Question: Will Traditionalist Methodist Keep Infant Baptism?
Answer: Great question. According to United Methodist teaching, “any age is appropriate for baptism since all persons stand in need of God’s grace. Infant baptism is a powerful expression of the reality that all persons come before God as no more than helpless infants, unable to do anything to save ourselves, dependent upon the grace of our loving God.”
Article XVII of Methodist Articles of Religion on baptism state:
“Baptism is not only a sign of profession and mark of difference whereby Christians are distinguished from others that are not baptized; but it is also a sign of regeneration or the new birth. The Baptism of young children is to be retained in the Church.”
It is clear that within current UMC structure Godly parents who wish to “commit” their child to the Lord are encouraged to do so. But how can we know we have received the Holy Spirit? The baptism of Jesus offers one example: “As soon as Jesus was baptized, he went up out of the water. At that moment heaven was opened, and he saw the Spirit of God descending like a dove and alighting on him.” As parents do we see evidence of the Holy Spirit in our child’s life?
In most cultures only after an individual reaches the “age of reason” — seven, ten, twelve … twenty — can they appreciate the words of God and become convicted of their sin. Before this moment we are:
- Dead in our sins and transgressions.
- Follow the ways of this world.
- Follow the ruler of the kingdom of the air.
- Follow the spirit who is now at work in those of us who are disobedient.
- Gratify the cravings of our sinful nature – which is our fleshly desires.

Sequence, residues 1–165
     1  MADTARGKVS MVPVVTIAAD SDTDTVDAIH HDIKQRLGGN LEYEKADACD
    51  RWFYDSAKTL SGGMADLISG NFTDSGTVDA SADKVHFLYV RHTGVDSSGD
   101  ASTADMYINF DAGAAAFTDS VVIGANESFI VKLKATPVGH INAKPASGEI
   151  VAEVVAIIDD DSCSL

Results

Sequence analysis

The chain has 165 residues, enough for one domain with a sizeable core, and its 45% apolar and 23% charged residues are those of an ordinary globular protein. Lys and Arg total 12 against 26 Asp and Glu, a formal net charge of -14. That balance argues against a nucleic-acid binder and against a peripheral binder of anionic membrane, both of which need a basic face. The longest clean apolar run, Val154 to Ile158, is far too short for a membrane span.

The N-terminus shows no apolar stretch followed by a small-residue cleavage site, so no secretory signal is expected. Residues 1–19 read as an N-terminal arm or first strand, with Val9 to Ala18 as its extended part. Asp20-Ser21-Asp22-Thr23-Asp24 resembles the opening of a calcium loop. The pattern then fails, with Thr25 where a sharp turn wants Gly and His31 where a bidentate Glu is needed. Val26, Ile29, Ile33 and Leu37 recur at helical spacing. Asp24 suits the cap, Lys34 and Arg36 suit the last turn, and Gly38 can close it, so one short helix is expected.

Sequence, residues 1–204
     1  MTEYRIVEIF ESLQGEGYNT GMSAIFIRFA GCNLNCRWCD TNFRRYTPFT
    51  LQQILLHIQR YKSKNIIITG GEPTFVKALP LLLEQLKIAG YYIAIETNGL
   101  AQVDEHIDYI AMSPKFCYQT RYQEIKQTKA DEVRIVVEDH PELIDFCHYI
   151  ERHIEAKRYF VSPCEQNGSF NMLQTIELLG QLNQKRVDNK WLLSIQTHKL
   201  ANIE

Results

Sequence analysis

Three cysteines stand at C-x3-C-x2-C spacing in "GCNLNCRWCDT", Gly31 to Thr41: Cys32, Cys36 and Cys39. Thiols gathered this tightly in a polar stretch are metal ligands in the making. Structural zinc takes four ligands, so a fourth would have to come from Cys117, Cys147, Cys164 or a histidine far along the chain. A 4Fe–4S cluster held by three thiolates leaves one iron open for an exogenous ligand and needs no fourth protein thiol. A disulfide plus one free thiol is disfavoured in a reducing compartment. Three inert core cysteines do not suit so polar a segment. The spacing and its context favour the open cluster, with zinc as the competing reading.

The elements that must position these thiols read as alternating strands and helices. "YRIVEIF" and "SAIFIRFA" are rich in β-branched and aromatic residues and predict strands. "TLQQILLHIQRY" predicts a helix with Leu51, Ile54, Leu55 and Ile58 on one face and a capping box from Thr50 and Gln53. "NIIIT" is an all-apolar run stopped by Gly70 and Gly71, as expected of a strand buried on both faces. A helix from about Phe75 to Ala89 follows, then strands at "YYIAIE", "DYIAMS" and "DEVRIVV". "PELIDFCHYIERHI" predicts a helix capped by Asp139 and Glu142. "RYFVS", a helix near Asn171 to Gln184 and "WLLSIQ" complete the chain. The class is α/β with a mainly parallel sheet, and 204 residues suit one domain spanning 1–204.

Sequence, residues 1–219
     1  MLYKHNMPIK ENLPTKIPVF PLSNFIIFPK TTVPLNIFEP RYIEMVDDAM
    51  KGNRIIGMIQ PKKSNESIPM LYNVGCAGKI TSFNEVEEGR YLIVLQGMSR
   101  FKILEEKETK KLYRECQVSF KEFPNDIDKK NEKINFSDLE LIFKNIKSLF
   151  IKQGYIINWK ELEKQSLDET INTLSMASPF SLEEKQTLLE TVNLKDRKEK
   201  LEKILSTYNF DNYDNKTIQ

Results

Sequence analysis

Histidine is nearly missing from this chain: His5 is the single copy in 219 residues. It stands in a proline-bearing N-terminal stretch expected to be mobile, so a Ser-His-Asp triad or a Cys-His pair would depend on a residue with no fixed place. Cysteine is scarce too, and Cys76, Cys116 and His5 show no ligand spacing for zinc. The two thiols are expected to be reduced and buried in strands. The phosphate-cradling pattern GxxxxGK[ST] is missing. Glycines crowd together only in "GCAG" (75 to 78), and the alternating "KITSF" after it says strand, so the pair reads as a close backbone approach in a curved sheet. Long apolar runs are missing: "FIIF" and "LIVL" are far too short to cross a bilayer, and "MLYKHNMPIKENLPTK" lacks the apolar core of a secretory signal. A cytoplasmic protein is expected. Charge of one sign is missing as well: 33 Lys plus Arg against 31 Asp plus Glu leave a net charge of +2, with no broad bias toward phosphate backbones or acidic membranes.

- Fail to realize that we are, by nature, children of wrath.
“It is by grace you have been saved. This is a gift of God.” Ephesians 2:2-10
For Christ, his adult baptism indicated that he was consecrated and committed to God. An infant is wholly dependent upon others for their care and feeding. If sprinkling water on an infant would save their offspring from hell and a life of sinful behavior, a great many parents of all beliefs, even unbelief, would ask that their child be dipped and flipped for God.
In his baptism Christ was officially approved by God. “And a voice from heaven said, ‘This is my Son, whom I love; with him I am well pleased.” Matthew 3:16. As parents did we hear God speaking at our child’s baptism? Will the infant remember God speaking to them?
After the baptism of Jesus the Holy Spirit was seen descending on Jesus. After our baptism of water we should experience the Holy Spirit descending upon and coming to live in us. In fact, receiving the Holy Spirit marks the beginning of our “new birth.” From that moment forward, the spiritual DNA of Christ is transferred into our spirit. This starts our sanctification — a fancy word that means “set apart,” “made holy.” The old body remains, but a new spirit begins to grow within us. The baptism of Jesus as an adult is our example.
Do you know that his Spirit lives within you? “The Spirit of the Lord will rest on him [Jesus] ( you, me, and all who receive Christ into themselves). The Spirit of the Lord provides spiritual wisdom and of understanding, counsel and of might, knowledge and fear of the Lord.” – Isaiah 11. This is but one way to know if you have God’s Holy Spirit. Here are other ways to check your spirit and confirm that the Spirit of Christ is working inside you.
- The Holy Spirit helps us live a righteous and faithful life. The Holy Spirit will never guide you to be unfaithful to God or act in a wicked, sinful, evil, unfair or unjust manner.
- The Holy Spirit helps us to testify about Christ and act as a witness-emissary on his behalf.
- The Holy Spirit helps us to minister to others.
- The Holy Spirit also acts as a comforter who intercedes on our behalf, especially in times of trial.
- The Holy Spirit transforms us into a person of charity, joy, peace, patience, kindness, and goodness — someone who is gentle, modest, self-controled, faithful to God, and refraining from any sexual conduct outside the bonds of marriage.
- The Holy Spirit will teach you everything and will remind you of his acts and what Jesus said while he was on earth.
Will Traditionalist Methodist follow the old practice of infant baptism? Perhaps. Probably. But let us also hope that Traditionalist Methodist follow the example of Christ’s disciples who, when told to “wait for his Spirit,” gathered together in worship and became filled with his Spirit and power. In doing so, they taught and preached with authority, healed the sick, raised the dead, and forcefully expanded his kingdom here on earth. May we go and do likewise.